Digital hardware: Forms the basis for numerous applications ranging from consumer electronics, vehicles, and machines to medical technology. Japan is comfortably top, although this may change in the future as other countries close the gap and technology trends shift. China and South Korea continue to catch up, particularly in microelectronics. Germany scores well in sixth, followed by the likes of Scandinavia, the UK and the US, which despite a strong knowledge base has little domestic production.
Digital networks: Communications technology like semiconductors and software like AI and cloud computing. Things are very close at the top, with China first, ahead of smaller nations like Finland and Switzerland. Germany and the US are part of the second group, just ahead of the UK and Japan.
Advanced production technologies: Includes modern machines, sensors, control systems and processes. Once again, Germany leads the way, just ahead of Switzerland, but their lack of strength in software here could be costly in the future. The US has lost considerable ground and is in 10th – mostly due to gains made by other countries.
Energy technologies: Covers renewable energy tech, hydrogen, energy storage and energy efficiency. Denmark is miles clear of China and Germany with strong scores across the board. Japan is in 6th but continuing to fall; the same goes for the US in 10th. Russia is bottom of the table – a trend likely to continue as the world shifts away from fossil fuels.
Advanced materials: Includes composites and coatings as well as their production processes. Japan is the clear leader here. Finland, South Korea and China form the chasing pack, some way clear of Germany in 5th. The US is 11th, while France is way down in 25th due to poor scores in scientific publications and patent applications.
Biotech: Covers applications in health, industry, environment and food production. Denmark is top, while the US fares better here, in 5th. Only a handful of countries score highly in this sector, indicating it may not be a priority. Germany ranks 14th despite an index score of just 27, while Japan is 29th.
Circular economy: Includes the sharing economy and recycling. Finland is top, just ahead of Germany, while Switzerland continues to fall. The US is 6th, China 13th, just ahead of the UK and South Korea.
Sustainability drives innovation and benefits society and industry
sustainability oriented innovation systems, civil society, science, government, and business must all make contributions. We assessed countries on a variety of factors, including R&D for renewables, environmental taxes, and eco-focused scientific publications.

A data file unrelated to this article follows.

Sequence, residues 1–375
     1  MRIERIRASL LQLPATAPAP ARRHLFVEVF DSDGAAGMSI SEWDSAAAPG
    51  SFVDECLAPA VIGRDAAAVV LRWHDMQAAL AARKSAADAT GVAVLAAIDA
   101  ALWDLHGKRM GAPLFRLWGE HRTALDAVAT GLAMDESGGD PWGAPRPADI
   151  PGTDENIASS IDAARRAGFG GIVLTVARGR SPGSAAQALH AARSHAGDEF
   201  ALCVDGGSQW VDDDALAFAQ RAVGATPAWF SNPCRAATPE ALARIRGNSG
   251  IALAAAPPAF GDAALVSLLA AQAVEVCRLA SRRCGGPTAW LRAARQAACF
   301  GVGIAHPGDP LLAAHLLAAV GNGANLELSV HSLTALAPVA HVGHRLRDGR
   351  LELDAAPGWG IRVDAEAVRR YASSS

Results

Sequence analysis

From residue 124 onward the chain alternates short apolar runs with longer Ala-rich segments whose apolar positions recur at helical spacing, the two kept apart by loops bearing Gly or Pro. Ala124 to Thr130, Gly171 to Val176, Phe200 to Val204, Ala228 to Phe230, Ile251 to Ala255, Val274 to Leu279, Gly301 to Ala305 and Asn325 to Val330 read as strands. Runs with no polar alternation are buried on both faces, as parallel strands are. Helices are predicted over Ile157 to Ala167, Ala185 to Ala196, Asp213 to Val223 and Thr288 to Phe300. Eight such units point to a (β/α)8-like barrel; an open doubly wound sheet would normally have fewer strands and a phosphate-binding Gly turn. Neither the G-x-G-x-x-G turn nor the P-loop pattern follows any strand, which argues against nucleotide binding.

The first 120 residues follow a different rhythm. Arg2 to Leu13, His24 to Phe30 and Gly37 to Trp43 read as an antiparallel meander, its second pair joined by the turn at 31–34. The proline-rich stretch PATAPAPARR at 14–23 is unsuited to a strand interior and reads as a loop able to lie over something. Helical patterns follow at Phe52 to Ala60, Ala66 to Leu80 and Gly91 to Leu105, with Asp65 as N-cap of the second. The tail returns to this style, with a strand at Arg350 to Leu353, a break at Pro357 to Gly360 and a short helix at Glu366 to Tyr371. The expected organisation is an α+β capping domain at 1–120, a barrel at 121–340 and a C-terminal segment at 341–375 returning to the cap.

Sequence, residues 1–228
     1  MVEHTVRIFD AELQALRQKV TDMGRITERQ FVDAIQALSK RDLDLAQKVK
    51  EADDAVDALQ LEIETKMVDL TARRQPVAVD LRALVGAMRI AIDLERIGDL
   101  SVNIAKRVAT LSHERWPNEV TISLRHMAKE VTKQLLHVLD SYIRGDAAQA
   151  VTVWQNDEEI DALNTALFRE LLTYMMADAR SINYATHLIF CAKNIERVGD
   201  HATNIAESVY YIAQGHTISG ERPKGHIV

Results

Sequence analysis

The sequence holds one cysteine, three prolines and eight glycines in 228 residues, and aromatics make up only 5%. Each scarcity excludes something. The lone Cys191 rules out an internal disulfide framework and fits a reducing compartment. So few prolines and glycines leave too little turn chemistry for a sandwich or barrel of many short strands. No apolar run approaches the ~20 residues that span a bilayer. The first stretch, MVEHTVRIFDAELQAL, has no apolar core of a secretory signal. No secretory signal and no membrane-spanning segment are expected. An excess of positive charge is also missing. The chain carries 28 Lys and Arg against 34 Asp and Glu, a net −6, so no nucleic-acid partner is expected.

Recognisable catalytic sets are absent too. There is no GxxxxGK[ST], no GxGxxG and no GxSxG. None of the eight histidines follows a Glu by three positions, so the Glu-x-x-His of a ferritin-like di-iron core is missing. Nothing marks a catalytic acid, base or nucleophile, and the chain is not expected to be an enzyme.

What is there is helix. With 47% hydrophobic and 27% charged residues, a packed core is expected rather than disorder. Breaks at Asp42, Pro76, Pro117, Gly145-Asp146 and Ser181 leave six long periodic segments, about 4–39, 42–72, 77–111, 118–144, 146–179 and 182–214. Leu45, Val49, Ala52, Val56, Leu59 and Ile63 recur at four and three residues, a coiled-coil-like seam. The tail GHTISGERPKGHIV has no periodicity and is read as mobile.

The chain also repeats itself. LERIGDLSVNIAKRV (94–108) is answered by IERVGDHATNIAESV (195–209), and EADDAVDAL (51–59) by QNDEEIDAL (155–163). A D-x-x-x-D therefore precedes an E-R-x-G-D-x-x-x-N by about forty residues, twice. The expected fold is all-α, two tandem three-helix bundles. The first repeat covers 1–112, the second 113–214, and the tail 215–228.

The ranking for the sustainability indicator is led by Denmark by a wide margin, followed by Finland and then Germany. Indeed, Europe dominates here, especially the continent’s northern nations. Switzerland, the top innovator, just misses out on the top 10 in 11th. China and other major European nations are in midfield, but the US comes in 28th and scores poorly across the board in this area. In Southern and Eastern Europe, Italy and Portugal in particular improved their rankings, with most others remaining fairly steady. Among emerging nations, India, Brazil and Indonesia improved their rankings. For many emerging economies, environmental regulation is a drawback, and scientific work in sustainability areas is at a low level.
Economies' successful path to fostering innovation
The Innovation Indicator 2023 shows where nations can improve in comparison to their peers. It provides valuable and empirically supported facts for forthcoming decisions regarding their political and economic future. This future can only be successful if industry and the state, businesses and policymakers work together. Market-oriented innovations within an appropriate industrial policy framework, combined with an effective state that activates market forces, are the basic prerequisites for a successful transformation of modern industrial societies.
Innovation is the key to a sustainable, prosperous future
Modern industrial societies require innovation to simultaneously grow and sustainably operate. Without radical transformation and consistent innovation, these countries cannot maintain their competitiveness and the prosperity of their citizens.